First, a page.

They used pumpkin seeds for food and medicine and the colonists also came to believe that pumpkins might have medicinal uses.
Pumpkin was also known to be effective against scurvy.
For a brief period of time, pumpkins were also recommended by apothecaries for removing freckles and treating snake bites.
Pumpkins came to play a significant role in the diet of Colonial Americans, and it wasn’t long before American literature began to include references to pumpkins.
An old rhyme that originated in Early America features the pumpkin:
Peter, Peter, Pumpkin Eater,
Had a wife and couldn’t keep her.
He put her in a pumpkin shell,
And there he kept her very well.
And then there was Washington Irving’s headless horseman throwing a pumpkin down the lane in The Legend of Sleepy Hollow.
Pumpkins have long been valued for their versatility.
They were used in stews, soups, breads, pies, tarts and puddings.
Thyme, rosemary, parsley and sweet marjoram were originally the favorite spices used to flavor pumpkin in savory recipes.
The flesh could be boiled, roasted, fried or mashed and the seeds have long been dried and salted as a nutritious snack food.
We think of pumpkins as a vegetable, but they are technically a fruit.
Like other forms of squash, pumpkins are easy to grow.
Pumpkins are members of the cucurbits family, which includes several vining, climbing or trailing plants like squash, cucumber, gourd, watermelon and cantaloupe.
Although they are now being grown in high tunnels and are field grown for different seasons around the country, 80 percent of the American pumpkin crop is taken to market in October.
Pumpkins range in size from less than a pound to more than 1,000 pounds, and there are now at least 42 varieties of pumpkins being cultivated in the United States and around the world.
Pumpkins are an extremely versatile and useful plant.
Nothing of the pumpkin need go to waste.
Besides their flesh, the skin, leaves, seeds and flowers are also edible.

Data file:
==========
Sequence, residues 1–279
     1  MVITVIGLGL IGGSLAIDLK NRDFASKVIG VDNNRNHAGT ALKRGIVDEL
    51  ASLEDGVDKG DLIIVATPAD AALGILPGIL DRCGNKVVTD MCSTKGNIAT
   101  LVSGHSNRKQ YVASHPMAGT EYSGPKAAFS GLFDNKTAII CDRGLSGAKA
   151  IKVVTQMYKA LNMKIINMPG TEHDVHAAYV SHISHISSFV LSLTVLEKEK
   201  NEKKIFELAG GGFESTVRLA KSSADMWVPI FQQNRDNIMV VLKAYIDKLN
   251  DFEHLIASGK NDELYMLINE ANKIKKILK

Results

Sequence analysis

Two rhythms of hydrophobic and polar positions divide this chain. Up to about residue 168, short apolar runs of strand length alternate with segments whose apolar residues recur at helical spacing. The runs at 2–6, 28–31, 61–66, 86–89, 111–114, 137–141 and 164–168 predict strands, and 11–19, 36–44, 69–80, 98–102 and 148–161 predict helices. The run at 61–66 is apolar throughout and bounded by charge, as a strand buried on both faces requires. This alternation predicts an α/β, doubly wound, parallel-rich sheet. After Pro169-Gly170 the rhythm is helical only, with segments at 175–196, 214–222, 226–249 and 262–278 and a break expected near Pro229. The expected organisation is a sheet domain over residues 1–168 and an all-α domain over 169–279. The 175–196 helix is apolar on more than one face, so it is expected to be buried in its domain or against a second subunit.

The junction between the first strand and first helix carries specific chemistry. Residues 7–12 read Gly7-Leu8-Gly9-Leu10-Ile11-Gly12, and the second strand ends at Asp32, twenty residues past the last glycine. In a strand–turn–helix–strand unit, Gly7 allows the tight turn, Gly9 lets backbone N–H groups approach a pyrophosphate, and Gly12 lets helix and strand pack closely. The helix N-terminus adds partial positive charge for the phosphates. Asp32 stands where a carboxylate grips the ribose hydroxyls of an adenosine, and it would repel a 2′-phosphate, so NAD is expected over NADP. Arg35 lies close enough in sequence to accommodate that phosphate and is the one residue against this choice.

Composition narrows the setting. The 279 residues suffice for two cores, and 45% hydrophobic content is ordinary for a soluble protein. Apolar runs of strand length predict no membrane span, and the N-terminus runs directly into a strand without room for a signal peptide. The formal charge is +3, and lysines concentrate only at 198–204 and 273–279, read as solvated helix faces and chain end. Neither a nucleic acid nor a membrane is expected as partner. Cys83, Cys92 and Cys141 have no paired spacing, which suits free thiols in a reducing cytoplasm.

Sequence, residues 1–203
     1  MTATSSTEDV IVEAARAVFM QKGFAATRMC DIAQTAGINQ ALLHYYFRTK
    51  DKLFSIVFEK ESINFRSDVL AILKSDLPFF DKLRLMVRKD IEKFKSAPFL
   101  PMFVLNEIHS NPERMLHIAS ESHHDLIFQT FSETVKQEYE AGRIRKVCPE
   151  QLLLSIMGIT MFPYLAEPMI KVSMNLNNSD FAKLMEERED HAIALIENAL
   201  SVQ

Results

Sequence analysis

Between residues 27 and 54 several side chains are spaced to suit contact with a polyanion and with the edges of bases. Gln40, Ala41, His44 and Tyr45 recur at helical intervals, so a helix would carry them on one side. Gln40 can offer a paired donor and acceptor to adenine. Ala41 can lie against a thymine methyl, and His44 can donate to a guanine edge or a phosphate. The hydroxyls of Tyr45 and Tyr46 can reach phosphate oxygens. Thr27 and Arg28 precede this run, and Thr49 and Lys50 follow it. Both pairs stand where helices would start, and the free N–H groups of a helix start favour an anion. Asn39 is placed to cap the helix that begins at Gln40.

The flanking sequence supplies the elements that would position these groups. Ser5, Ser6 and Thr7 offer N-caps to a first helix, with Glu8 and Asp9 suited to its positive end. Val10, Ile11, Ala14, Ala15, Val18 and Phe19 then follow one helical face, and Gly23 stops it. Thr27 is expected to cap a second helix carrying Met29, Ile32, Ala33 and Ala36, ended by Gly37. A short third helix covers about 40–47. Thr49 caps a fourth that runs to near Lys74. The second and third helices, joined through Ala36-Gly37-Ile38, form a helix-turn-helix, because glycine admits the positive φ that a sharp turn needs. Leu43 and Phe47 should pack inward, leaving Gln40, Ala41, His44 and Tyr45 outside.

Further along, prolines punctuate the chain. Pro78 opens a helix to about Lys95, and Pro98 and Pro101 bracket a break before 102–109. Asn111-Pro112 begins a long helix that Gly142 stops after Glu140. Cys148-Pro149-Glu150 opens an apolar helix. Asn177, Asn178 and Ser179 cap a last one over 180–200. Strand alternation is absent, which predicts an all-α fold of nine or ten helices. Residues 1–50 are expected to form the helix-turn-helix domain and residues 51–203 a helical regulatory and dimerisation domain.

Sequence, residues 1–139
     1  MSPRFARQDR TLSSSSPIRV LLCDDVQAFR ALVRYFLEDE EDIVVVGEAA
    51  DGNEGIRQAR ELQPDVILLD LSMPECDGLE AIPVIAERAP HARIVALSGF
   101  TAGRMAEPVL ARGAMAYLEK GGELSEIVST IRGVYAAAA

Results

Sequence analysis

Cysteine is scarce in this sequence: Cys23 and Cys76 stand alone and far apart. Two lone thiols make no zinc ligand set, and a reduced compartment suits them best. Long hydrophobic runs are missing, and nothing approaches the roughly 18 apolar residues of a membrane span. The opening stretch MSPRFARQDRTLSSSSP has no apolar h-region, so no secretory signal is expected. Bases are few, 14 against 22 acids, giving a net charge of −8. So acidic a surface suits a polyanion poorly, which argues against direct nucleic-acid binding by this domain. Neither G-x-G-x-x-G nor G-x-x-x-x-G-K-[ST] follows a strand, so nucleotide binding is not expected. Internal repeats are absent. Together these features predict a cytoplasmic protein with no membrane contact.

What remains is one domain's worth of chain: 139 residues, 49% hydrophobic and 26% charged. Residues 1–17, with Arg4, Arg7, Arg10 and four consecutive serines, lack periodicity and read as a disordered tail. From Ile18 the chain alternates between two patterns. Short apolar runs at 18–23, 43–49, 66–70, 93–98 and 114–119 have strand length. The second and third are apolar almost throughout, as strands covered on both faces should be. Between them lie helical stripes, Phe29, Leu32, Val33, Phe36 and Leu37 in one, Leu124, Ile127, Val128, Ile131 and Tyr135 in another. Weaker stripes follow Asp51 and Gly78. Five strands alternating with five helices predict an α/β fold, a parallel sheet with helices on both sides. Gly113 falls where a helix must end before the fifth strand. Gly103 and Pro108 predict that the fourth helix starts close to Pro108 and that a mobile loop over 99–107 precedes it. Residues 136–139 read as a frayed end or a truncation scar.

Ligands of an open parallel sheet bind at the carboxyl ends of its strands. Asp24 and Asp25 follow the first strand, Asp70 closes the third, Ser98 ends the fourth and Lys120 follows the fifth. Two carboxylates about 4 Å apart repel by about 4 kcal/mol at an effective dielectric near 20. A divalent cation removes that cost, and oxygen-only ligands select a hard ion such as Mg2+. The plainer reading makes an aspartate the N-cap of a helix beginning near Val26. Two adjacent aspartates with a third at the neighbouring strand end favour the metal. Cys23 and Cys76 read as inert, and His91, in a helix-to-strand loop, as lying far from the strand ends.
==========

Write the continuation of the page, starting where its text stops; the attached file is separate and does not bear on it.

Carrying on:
In China the leaves are added to soups and in Thailand small pumpkins are steamed with custard inside and served for dessert.
The Italians combine pureed pumpkin with cheese to make a savory stuffing for ravioli and many homemade pasta makers have incorporated pumpkin into their pasta recipes.
Even a pumpkin’s blossoms are delicious.
They can be eaten raw in salads, dipped in a batter and deep fried, or stuffed with cheese and roasted.
When we think of eating pumpkin these days, many of us would first conjure images of pumpkin pie.
But pumpkin pie wasn’t always as we now know it.
In early colonial times, pumpkins were often used as an ingredient for the crust of pies, rather than the filling.
Even before they were making pumpkin into pie crust, Early Americans were slicing off pumpkin tops, removing the seeds, filling the inside of the pumpkin with milk, spices and honey and baking them in hot ashes.
This is the original form of our American pumpkin pie.
Eventually, Colonial cooks got around to baking what we would recognize these days as pumpkin pies, although they favored sliced apples instead of a pastry crust on top of the pie.
In 1796, the first American cookbook was published, American Cookery, by an American Orphan by Amelia Simmons.
In this book Simmons recorded recipes for pumpkin puddings baked in a crust that are quite similar to our present day pumpkin pies.
Pumpkins arrive just at the right time – as the days grow colder and fresh fruits and vegetables are harder to come by.
So let’s get on with fall, take a look around the corner at winter and bring on the pumpkin!